Similarly, an automobile manufacturer that changes model designs have to close to retool and retrain employees on the new designs. Making simple changes are easy. Change a body style and the entire line has to close at a cost to manufacturing.Retooling the Philadelphia and Denver mints will be like an automobile manufacturer changing the entire design of a model. The plant will be closed, new equipment will have to be installed and tested, and the employee trained. Planning, purchasing, and installing the equipment will require money to be spent. There will be more costs for training of everyone from the engravers that have to consider coining issues with the new metals to the die makers to the line workers.
The other story missed is that the GAO claims that the coin-operated industry over estimated their estimation on the costs to the industry if change is changed. The GAO report cites a 2014 study provided to the U.S. Mint by the National Automatic Merchandising Association (NAMA), the $45 billion per year vending industry trade association in the United States, which says it will cost from $100 to $500 per machine to convert them to accept new coinage while the old coinage continues to circulate.
While trying to justify the over estimation claim, the GAO actually strengthens the NAMA argument by not controverting the per machine cost.
The GAO does not consider that the NAMA does not represent the entire coin-op industry. The American Amusement Machine Association (AAMA) represents coin-op games (video, pinball, etc.), fair operators, gum ball machine manufacturers, jukebox manufacturers, and similar businesses. When the report was first discussed, then AAMA President John Schultz was reported to have said to leave the coinage alone “because it works, rather than risk the costly consequences.” AAMA has not provided an estimate for those costly consequences.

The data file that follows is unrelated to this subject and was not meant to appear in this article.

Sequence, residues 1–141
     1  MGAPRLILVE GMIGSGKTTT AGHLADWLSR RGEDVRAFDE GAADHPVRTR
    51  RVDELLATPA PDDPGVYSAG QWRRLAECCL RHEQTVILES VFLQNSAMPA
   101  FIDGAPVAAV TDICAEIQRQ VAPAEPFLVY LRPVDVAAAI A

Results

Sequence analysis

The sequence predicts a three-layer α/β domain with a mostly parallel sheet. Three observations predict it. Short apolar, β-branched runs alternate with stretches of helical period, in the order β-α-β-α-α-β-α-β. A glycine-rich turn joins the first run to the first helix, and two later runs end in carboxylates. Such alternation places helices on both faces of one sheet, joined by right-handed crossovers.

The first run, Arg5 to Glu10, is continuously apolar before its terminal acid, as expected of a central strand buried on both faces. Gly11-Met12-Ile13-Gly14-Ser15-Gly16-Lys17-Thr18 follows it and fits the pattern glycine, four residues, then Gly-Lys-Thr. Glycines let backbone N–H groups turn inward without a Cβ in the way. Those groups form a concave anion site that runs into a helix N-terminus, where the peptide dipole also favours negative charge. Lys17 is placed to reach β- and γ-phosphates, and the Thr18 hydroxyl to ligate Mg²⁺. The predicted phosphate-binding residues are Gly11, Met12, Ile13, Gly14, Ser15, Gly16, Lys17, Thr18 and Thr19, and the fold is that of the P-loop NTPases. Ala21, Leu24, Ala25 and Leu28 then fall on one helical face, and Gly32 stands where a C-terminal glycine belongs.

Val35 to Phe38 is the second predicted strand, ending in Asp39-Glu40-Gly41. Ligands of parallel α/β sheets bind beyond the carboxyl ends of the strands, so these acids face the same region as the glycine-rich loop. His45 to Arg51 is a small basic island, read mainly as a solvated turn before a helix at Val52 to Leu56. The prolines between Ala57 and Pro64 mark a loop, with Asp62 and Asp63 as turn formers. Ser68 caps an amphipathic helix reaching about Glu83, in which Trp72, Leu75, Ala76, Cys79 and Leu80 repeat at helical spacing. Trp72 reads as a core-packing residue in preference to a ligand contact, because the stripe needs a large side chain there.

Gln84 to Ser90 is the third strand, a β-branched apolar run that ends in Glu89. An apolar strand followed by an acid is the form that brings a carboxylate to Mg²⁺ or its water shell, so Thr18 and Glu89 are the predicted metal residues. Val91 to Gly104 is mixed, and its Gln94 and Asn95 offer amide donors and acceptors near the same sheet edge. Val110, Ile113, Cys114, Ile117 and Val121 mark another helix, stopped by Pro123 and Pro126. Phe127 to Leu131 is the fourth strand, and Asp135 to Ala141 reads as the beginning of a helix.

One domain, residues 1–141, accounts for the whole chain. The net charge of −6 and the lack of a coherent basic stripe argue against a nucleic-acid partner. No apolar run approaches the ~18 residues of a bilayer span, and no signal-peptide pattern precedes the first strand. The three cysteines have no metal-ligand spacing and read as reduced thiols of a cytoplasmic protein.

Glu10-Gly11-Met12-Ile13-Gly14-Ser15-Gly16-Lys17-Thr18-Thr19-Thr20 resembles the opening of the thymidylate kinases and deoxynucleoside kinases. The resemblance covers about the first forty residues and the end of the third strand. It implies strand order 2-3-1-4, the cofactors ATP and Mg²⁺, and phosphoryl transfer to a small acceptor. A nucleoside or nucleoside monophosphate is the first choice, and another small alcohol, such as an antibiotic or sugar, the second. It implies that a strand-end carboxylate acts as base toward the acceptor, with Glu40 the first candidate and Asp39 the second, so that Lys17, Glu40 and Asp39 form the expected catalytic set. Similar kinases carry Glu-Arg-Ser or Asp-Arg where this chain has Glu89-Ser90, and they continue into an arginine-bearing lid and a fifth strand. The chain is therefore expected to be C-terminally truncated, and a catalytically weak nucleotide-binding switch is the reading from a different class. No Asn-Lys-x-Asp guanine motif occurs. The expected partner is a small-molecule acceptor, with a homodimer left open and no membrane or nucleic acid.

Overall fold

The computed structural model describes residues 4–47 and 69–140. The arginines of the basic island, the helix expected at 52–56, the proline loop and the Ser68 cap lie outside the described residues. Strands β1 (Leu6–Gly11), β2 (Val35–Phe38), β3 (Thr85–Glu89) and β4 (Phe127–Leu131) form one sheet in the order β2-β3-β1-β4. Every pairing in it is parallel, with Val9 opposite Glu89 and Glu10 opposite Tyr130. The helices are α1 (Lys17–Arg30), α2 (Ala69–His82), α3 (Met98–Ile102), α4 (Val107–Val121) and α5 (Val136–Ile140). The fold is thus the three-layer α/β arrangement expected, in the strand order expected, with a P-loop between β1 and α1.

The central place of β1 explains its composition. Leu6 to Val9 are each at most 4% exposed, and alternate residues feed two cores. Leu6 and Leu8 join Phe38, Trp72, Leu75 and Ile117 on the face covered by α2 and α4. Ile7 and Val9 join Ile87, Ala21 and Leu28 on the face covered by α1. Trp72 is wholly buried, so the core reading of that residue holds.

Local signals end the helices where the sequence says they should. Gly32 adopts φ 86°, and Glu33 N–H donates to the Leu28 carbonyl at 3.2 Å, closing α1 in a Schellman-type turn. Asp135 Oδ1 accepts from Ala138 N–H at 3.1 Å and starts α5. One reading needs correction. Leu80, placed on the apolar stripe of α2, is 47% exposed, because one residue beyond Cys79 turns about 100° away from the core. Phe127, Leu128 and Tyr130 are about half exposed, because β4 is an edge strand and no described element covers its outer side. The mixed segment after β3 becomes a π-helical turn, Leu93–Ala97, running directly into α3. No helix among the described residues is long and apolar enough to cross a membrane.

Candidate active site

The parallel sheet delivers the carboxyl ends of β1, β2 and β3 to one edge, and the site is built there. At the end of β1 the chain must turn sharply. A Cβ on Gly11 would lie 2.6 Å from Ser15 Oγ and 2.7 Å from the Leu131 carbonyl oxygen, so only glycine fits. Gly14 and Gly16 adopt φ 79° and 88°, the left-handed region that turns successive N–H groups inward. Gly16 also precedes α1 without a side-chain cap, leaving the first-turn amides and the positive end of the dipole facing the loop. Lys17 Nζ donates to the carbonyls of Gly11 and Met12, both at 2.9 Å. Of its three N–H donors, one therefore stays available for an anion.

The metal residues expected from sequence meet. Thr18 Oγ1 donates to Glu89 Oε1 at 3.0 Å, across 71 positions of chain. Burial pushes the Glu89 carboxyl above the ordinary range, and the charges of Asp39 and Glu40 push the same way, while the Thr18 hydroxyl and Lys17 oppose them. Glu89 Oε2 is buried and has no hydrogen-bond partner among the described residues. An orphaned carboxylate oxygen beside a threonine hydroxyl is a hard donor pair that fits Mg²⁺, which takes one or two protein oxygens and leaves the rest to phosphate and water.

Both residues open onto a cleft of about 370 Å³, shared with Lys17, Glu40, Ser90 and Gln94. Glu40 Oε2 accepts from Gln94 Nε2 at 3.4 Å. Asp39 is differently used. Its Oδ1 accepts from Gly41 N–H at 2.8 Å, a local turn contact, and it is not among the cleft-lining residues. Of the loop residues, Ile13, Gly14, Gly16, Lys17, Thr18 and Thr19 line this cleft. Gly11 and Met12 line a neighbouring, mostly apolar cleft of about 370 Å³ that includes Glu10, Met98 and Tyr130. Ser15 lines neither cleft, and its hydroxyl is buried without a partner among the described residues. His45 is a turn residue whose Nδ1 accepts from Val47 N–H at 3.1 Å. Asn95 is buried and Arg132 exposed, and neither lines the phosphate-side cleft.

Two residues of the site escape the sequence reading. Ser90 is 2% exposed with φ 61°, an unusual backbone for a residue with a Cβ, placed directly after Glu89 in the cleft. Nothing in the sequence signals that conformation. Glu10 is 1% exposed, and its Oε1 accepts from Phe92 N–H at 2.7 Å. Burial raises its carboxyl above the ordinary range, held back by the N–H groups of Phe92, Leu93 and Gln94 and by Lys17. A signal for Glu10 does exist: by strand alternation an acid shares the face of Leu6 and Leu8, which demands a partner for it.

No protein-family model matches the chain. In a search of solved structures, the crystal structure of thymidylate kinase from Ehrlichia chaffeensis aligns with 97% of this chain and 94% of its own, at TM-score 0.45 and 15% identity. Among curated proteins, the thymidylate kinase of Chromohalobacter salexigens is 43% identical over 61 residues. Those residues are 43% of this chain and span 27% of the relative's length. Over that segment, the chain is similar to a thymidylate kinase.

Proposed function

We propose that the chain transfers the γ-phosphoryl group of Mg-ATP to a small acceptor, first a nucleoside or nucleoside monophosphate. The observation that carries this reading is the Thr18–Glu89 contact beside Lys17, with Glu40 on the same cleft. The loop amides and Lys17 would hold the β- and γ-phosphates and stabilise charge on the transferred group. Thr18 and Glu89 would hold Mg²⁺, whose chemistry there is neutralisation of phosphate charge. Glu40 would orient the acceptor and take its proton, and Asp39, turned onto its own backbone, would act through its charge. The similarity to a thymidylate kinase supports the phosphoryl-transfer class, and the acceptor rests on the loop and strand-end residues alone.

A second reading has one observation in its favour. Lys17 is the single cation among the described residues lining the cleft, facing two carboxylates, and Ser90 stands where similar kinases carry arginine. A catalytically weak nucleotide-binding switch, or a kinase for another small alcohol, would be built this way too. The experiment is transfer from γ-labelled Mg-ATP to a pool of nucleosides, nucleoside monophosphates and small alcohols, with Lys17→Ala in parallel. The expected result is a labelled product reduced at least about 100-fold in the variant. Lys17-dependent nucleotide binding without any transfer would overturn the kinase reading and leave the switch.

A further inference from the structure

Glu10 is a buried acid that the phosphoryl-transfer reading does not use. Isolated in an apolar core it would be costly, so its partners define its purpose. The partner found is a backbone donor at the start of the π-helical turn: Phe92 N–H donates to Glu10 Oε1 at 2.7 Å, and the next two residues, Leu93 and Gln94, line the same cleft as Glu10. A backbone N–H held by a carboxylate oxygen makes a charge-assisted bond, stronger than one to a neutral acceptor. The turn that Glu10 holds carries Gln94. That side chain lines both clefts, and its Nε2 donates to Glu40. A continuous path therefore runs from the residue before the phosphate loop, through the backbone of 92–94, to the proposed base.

Another consequence would be changes that the government would have to undergo to support new coinage alloys. Any location that the government relies on cash transactions would have to be updated accordingly. While the Postal Service has eliminated most of their vending machines in favor of automated kiosks, this change will hasten a complete removal of those vending machines that continue to operate in areas where electronically connected kiosks cannot be supported. This could leave people in remote communities without particular services they rely on.In addition to the federal government, local governments that rely on parking meters, parking systems, mass transit fare collection systems, tolls, and other systems would have to be converted. Although cost estimates have not been made those costs will be paid by the users of the service and you, the taxpayer.
Someone my say to just eliminate the one-cent coin. Why not? Canada did it, why can’t the U.S. do the same? The most significant problem is that this would change an economy that is over 9-times the size of the Canadian economy. Using the Gross Domestic Product (GDP), the total cost of goods and services, as a benchmark converted to U.S. dollar, the World Bank reports that the GDP of $1.5183 trillion in 2010, the last year statistics are available. Similarly, the U.S. GDP in 2010 was $13.9631 trillion.
Even if someone was able to figure out how this change will impact an economy that produces over $15 trillion in goods and services (2014 data), there are also the ancillary costs of changing machines, systems, services, and anything else that could be impacted.
Although it might seem easy to change the alloys used for coins or eliminate the lowest denominations, the impact reaches far beyond all analysis including that of the GAO. To tell everyone to “just deal with it” is an expensive proposition that will have to be paid for. Are you ready to pay more taxes for governments to “just deal with it?” More fees for services? Or dealing with a loss of services because in order to “just deal with it” because the service provider decided that it is better to stop providing the service than convert?